Pete Kelly's Blues (31-Jul-1955)|
Director: Jack Webb
Writer: Richard L. Breen
Keywords: Crime, Jazz
||Adventures of Wild Bill Hickok
||The First Lady of Jazz
||Is That All There Is?
||The Girl Can't Help It
||The Man Who Shot Liberty Valance
||LAPD officer Pete Malloy on Adam-12
||The Great Imposter
||Joe Friday in Dragnet
|Jack Webb|| ... Pete Kelly|
|Janet Leigh|| ... Ivy Conrad|
|Edmond O'Brien|| ... Fran McCarg|
|Peggy Lee|| ... Rose Hopkins|
|Andy Devine|| ... George Tenell|
|Lee Marvin|| ... Al Gannaway|
|Ella Fitzgerald|| ... Maggie Jackson|
|Martin Milner|| ... Joey Firestone|
|Than Wyenn|| ... Rudy|
|Herb Ellis|| ... Bedido|
|John Dennis|| ... Guy Bettenhouser|
|Jayne Mansfield|| ... Cigarette Girl|
|Mort Marshall|| ... Cootie Jacobs|
|Pete Kelly and His Big Seven|| ... Themselves|
|featuring the talents of|
|Dick Cathcart|| ... Bandmember|
|Matty Matlock|| ... Bandmember|
|Moe Schneider|| ... Bandmember|
|Eddie Miller|| ... Bandmember|
|George Van Eps|| ... Bandmember|
|Nick Fatool|| ... Bandmember|
|Ray Sherman|| ... Bandmember|
|Jud De Naut|| ... Bandmember|
Review by Bob Farrell (posted on 26-May-2007)
Like Disieland music? This film has some of the greats
of Dixieland music who are no longer with us.
It's a somewhat of a B type movie produced without too
much smoke and mirrors. The cast did a great job. No rug
chewing. Just acting.Not one digital effect anywhere in the
film. Which can not be said of today's films.
Peggy Lee is the outstanding actor of the film. If I recall
she received an award for her part.
Review by Gil Moon (posted on 13-Nov-2007)
Perhaps the best example of what made Jack Webb productions among the finest of their era, "Pete Kelly's Blues" is not only romantically reminesent of an exciting, facinating, and certainly myth ridden period in our history, but a perfect demonstration of story telling at it's best. The script is excellent, fast paced and captivating with it's quick wit. There are performances from two ladys that ranked at the very top of their professions in the mid 50s and their musical contributions are among the best ever put on film, in fact both Ella Fitzgerald and Peggy Lee turned in masterful depictions of their characters without breaking from the theme of the picture for even a moment. The camera work, though typically Jack Webb, was creative and sometimes even masterful as we see something of an Orson Welles influence in the ballroom scenes and the obviously "sound staged" exteriors of 17 Cherry Street. I liked the score and found it to be a pleasant combination of a 20s Kansas City style "Dixieland" and an updated 50s style "Pop" with the "Big 7" drawing us back toward what traditional "Jazz" performances, where they were ment to be. From the first time I saw this "Classic" at a drive-in movie in Sunnyvale, California to the last time I watched my treasured VHS copy with some friends, I continue to marvel at the professionalism present in every frame from this wonderful film and enjoy each opportunity to point this out to friends and family who have joined me.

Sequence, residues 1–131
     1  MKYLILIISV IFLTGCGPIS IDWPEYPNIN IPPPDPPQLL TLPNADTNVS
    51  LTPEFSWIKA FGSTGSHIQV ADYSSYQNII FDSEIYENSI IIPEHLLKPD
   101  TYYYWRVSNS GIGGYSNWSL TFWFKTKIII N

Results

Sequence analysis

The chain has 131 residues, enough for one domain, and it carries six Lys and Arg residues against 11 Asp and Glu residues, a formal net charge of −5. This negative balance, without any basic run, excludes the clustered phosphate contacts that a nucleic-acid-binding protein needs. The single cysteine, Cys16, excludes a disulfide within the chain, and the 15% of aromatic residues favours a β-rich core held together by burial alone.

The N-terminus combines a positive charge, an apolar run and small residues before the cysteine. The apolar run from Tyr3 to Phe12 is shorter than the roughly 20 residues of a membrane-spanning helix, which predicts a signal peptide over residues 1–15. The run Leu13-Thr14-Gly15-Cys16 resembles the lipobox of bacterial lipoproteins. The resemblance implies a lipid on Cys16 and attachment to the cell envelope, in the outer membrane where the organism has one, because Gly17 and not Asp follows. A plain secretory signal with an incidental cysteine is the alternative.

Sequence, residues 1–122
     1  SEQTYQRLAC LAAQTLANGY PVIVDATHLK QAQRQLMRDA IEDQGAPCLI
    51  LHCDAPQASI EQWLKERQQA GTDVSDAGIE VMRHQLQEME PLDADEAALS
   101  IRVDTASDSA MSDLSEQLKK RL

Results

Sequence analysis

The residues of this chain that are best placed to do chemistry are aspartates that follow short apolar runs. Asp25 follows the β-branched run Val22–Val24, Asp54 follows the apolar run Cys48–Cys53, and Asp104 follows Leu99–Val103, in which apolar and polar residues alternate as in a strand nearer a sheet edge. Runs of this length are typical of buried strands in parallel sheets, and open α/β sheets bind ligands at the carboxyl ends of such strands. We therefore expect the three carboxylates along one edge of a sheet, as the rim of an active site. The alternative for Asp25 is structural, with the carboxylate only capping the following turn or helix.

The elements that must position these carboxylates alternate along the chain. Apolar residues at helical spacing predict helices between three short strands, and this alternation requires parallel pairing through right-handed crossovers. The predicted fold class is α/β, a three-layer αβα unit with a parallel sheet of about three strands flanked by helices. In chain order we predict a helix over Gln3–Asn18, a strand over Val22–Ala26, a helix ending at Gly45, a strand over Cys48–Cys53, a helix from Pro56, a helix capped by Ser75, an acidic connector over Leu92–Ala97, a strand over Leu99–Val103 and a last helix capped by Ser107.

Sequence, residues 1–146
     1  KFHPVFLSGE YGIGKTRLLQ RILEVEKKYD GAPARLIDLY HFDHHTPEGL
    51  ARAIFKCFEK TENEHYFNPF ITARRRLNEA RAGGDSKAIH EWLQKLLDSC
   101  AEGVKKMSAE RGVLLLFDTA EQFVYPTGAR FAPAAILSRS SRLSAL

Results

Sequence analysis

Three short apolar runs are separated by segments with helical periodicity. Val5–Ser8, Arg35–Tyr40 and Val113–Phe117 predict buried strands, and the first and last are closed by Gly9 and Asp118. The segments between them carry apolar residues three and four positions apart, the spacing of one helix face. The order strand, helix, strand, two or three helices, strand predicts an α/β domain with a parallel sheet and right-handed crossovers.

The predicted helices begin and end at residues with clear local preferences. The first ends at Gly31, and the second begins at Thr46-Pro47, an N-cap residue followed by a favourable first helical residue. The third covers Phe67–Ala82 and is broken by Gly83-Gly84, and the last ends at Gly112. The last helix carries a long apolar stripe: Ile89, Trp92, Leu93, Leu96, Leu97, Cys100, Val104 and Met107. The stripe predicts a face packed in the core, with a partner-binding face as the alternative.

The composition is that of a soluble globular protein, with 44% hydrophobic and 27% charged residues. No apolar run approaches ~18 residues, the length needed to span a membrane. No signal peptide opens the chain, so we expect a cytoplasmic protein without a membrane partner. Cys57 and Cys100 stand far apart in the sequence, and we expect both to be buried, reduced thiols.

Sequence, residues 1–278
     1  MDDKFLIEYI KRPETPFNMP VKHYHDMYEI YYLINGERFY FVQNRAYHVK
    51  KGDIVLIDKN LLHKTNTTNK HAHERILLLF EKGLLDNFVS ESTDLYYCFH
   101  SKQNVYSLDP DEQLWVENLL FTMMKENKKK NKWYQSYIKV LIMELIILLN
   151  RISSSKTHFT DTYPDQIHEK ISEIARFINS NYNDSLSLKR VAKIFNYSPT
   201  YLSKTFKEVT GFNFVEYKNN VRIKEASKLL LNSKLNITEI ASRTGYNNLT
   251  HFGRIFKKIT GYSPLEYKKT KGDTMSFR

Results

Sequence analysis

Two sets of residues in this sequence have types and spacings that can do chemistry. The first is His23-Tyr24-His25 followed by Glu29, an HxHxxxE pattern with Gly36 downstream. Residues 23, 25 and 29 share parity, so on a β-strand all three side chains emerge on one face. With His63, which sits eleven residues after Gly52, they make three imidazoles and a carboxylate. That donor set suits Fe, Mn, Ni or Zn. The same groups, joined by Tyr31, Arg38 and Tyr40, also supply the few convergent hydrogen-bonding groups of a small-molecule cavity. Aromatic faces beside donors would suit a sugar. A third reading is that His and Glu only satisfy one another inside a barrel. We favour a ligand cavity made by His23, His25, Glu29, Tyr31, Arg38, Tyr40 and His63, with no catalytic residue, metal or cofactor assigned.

Review by anonymous (posted on 18-Nov-2006)
Saw this in Aberdeen Scotland 1955 when I was at college and should have been studying. the film Dragnet created the original scene opening for us as Sgt Joe Friday. Looking at Pete Kelly from my 'Preocupationwith Trad Jazz'perspective was a disappointment as far as the Jazz went, but it was a good story with some great scenes and moments of drama and pathos like Peggy Lee singing, Pete interested in going to Chicago until being told that 'Bix' was there, (don't bother going)and the meeting at the bar with the mobster who smashed the glass and told him he could have a free pass with either hand then the camera switched to the bodyguards putting their hands into their jackets ready to gun down Pete if he even twitched toward the smashed glass on the bar. If it came round again I'd go and see it (again).
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